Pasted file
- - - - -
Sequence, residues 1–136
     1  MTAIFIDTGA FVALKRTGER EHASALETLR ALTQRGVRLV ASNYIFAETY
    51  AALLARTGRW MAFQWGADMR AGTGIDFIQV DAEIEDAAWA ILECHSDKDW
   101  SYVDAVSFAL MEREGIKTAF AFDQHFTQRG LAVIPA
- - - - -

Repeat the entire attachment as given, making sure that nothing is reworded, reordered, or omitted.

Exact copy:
Sequence, residues 1–136
     1  MTAIFIDTGA FVALKRTGER EHASALETLR ALTQRGVRLV ASNYIFAETY
    51  AALLARTGRW MAFQWGADMR AGTGIDFIQV DAEIEDAAWA ILECHSDKDW
   101  SYVDAVSFAL MEREGIKTAF AFDQHFTQRG LAVIPA